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A unique surface treatment for 304 stainless steel vacuum components and chambers has been developed by the Pernicka Corporation. This process is considered “environmentally correct” since no chemical waste or byproduct are generated as a result of the treatment. Three features of the treatment are: 1) reduction of the effective surface area; 2) reduction of the sticking coefficient for a water molecule on the surface; 3) reduction in the diffusion rate for hydrogen coming out of the bulk material. The result of applying the treatment to vacuum chambers is generally faster pump down times and lower base pressures with the same pumping system. Data is presented comparing the performance of two identical systems: one with a treated chamber; and one with a normal, chemically cleaned chamber. Although the process is somewhat costly, the performance benefits achieved and the elimination of toxic waste chemicals make this surface treatment very practical in today's economy.

The following experiment was performed to evaluate the effectiveness of the surface treatment on a typical vacuum chamber. The 2.0-liter chamber selected for this experiment was manufactured of 304 stainless steel by Balzers and was subjected to a standard chemical cleaning and passivation process. The chamber was connected to a 1E-10 Torr Turbomolecular Pumped Vacuum System by a six-inch valve. Next, the chamber was evacuated and baked at 400 C for six hours and then cooled to room temperature.

The chamber was vented to room air (30%RH), allowed to stabilize for 1.0 hour, pumped down to 50mTorr using a dual seal oil mechanical pump, and them transitioned to a 170L/sec turbomolecular pump. The pump down curve was recorded. Similarly, the chamber was tested after backfilling with grade 4.8 Argon. The chamber was then removed from the Vacuum System and the internal surface was modified. The chamber was reinstalled on the Vacuum System and the above pump down test was repeated.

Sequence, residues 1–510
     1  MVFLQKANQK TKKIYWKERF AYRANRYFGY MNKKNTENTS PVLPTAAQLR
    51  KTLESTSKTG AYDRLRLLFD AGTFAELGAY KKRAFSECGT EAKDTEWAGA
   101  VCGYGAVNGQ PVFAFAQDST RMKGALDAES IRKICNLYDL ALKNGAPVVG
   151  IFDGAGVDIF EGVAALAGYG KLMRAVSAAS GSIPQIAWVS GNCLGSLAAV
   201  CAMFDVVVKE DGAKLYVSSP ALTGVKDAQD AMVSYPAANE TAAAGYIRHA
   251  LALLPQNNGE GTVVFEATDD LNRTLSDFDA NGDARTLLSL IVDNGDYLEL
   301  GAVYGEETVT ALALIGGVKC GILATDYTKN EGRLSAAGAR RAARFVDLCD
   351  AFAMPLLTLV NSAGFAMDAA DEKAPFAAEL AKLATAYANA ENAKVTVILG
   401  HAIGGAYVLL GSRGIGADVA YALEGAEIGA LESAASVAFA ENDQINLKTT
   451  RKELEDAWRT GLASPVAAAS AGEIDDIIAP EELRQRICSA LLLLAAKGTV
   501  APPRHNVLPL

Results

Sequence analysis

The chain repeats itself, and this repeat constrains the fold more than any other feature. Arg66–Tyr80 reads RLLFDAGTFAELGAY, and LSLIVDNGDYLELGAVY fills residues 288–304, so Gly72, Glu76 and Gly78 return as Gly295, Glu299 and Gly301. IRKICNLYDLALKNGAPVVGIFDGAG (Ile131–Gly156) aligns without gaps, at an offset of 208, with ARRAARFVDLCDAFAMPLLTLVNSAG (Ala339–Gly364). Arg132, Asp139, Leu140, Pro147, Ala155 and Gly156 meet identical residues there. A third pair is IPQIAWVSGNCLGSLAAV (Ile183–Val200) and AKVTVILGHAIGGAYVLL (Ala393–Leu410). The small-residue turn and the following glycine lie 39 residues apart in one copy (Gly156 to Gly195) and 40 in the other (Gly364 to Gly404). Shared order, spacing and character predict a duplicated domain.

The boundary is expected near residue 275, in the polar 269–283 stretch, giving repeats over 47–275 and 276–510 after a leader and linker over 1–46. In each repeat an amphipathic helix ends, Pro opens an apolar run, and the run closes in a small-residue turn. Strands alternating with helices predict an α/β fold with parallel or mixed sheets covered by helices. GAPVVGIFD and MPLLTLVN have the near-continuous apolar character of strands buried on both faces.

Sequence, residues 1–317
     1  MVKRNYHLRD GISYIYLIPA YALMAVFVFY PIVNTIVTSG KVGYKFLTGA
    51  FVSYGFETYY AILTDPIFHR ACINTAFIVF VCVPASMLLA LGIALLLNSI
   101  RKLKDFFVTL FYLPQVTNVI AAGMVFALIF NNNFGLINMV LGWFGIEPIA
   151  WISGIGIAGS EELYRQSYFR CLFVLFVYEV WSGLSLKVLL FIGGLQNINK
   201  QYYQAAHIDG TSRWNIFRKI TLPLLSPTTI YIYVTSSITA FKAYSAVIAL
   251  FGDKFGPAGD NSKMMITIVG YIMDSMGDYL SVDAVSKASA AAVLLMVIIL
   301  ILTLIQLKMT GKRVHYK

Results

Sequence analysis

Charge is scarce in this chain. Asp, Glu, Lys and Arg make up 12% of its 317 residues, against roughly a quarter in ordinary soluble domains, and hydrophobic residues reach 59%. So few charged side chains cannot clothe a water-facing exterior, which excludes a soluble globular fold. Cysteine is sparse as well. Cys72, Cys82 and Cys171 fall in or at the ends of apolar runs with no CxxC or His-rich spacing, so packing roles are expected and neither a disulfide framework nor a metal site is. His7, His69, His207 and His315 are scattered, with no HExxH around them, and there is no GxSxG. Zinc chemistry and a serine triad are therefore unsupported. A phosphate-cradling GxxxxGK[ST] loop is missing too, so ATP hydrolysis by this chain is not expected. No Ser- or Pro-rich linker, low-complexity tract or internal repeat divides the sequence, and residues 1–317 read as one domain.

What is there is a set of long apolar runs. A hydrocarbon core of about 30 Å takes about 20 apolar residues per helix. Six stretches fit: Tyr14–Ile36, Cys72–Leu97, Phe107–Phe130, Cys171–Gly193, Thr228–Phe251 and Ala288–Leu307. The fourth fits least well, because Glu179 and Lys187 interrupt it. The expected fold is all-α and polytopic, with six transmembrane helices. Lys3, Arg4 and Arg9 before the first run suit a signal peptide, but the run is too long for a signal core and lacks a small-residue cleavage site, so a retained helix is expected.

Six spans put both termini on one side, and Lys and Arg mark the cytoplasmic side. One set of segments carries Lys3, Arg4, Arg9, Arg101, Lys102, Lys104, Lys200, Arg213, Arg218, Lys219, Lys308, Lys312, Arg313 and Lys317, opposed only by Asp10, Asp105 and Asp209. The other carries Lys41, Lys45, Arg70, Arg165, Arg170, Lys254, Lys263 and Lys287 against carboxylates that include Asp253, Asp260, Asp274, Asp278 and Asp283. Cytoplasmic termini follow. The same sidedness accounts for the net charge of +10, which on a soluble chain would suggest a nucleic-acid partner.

Table (1) summarized these test results.

TIME (minutes) 0 10 40 70 B.P
untreated chamber
with room air
661 1.15x10-6 2.23x10-7 1.1x10-7 4.5x10-8
untreated chamber
with 4.8 Argon
661 1.56x10-7 7.0x10-8 5.1x10-8 4.5x10-8
treated chamber
with room air
661 3.97x10-7 7.8x10-8 3.2x10-8 1.2x10-9
treated chamber
with 4.8 Argon
661 8.65x10-8 1.91x10-8 7.1x10-9 1.2x10-9

Table (1), Pressure in Torr as a function of pump down time.

The treated chamber pumped down faster than the untreated chamber in both test cases.

In fact, the treated chamber filled with room air out performed the untreated chamber filled with Argon after 40 minutes of pumping. The base pressure of the system was over 10 times lower for the treated chamber.

If we assume that the limitation of the base pressure is a direct result of the hydrogen-outgassing rate, we can conclude that the treated chamber must have a lower outgassing rate for Hydrogen. If we assume that the initial pump down rate of the room air filled chamber is directly influenced by the sticking coefficient of water, then we can conclude the treated chamber must have a lower sticking coefficient.

If we assume the initial pump down of the Argon filled chamber is directly influenced by the effective surface area, then we can conclude that the treated chamber effective surface area was less than the untreated chamber.

The obvious benefit of the surface treated chamber is a cleaner vacuum environment. This process has been applied to 316 stainless steel surfaces with similar results.

For further information regarding the application of this process, contact the author.

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